Gene-environment interactions impact the development of neuropsychiatric disorders, but the relative contributions are unclear. Here, we identify gut microbiota as sufficient to induce depressive-like behaviors in genetically distinct mouse strains. Daily gavage of saline in non-obese diabetic (NOD) mice induced a social avoidance behavior that was not observed in C57BL/6 mice. This was not observed in NOD animals with depleted microbiota via oral administration of antibiotics. Transfer of intestinal microbiota, including members of the Clostridiales, Lachnospiraceae and Ruminococcaceae, from vehicle-gavaged NOD donors to microbiota-depleted C57BL/6 recipients was sufficient to induce social avoidance and change gene expression and myelination in the prefrontal cortex. Metabolomic analysis identified increased cresol levels in these mice, and exposure of cultured oligodendrocytes to this metabolite prevented myelin gene expression and differentiation. Our results thus demonstrate that the gut microbiota modifies the synthesis of key metabolites affecting gene expression in the prefrontal cortex, thereby modulating social behavior.
Animal experimentation: This study was performed in strict accordance with the recommendations in the Guide for the Care and Use of Laboratory Animals of the National Institutes of Health. All of the animals were handled according to approved institutional animal care and use committee (IACUC) protocols of the Icahn School of Medicine at Mount Sinai (#08-0676, #08-0675; LA10-00398; LA12-00193; LA12-00146).
- Peggy Mason, University of Chicago, United States
© 2016, Gacias et al.
This article is distributed under the terms of the Creative Commons Attribution License permitting unrestricted use and redistribution provided that the original author and source are credited.
Downloads (link to download the article as PDF)
Download citations (links to download the citations from this article in formats compatible with various reference manager tools)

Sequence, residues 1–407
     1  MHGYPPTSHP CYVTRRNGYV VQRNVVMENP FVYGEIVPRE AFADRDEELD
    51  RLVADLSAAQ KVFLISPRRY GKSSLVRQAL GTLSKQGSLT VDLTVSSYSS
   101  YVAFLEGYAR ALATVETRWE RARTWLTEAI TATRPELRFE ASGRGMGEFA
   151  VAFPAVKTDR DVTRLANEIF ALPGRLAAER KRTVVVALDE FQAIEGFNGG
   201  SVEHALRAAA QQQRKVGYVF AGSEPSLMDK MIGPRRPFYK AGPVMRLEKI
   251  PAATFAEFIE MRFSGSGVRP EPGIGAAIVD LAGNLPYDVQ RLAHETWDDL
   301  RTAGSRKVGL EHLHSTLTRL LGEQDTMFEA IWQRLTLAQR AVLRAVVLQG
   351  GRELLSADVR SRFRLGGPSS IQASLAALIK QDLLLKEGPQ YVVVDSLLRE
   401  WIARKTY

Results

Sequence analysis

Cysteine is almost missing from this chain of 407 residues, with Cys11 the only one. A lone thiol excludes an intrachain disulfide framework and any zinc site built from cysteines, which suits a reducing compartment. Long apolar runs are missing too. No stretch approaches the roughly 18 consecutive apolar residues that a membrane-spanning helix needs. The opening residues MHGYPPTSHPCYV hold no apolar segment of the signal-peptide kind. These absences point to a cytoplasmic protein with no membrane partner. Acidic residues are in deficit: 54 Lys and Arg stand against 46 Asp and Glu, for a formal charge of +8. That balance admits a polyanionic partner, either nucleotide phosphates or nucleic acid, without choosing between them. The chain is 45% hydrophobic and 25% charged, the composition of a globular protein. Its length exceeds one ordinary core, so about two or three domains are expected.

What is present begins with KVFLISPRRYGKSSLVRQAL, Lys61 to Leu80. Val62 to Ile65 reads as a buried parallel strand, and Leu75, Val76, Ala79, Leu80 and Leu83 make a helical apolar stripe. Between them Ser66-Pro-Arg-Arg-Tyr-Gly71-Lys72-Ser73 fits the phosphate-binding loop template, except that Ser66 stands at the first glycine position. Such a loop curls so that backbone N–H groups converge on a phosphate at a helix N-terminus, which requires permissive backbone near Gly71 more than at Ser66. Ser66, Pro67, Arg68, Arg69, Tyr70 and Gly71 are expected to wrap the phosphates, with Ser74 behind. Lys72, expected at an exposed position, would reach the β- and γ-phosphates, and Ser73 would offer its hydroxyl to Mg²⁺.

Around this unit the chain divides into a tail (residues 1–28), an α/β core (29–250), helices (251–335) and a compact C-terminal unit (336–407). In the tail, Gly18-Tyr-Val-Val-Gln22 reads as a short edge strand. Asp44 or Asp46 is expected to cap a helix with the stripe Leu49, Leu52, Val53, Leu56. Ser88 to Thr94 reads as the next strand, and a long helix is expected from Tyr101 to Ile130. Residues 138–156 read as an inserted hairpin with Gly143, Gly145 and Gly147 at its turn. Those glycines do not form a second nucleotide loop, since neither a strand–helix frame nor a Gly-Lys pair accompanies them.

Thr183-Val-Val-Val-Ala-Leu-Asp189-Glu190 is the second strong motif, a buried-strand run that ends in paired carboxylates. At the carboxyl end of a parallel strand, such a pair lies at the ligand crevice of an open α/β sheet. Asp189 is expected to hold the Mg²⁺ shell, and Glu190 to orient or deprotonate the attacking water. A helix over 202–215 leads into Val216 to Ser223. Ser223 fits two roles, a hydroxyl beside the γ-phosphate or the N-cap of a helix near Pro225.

Open citations (links to open the citations from this article in various online reference manager services)
Microbes in the gut influence the social behaviour of mice.
For decades, researchers have speculated how echolocating bats deal with masking by conspecific calls when flying in aggregations. To date, only a few attempts have been made to mathematically quantify the probability of jamming, or its effects. We developed a comprehensive sensorimotor predator-prey simulation, modeling numerous bats foraging in proximity. We used this model to examine the effectiveness of a spectral Jamming Avoidance Response (JAR) as a solution for the masking problem. We found that foraging performance deteriorates when bats forage near conspecifics, however, applying a JAR does not improve insect sensing or capture. Because bats constantly adjust their echolocation to the performed task (even when flying alone), further shifting the signals' frequencies does not mitigate jamming. Our simulations explain how bats can hunt successfully in a group despite competition and despite potential masking. This research demonstrates the advantages of a modeling approach when examining a complex biological system.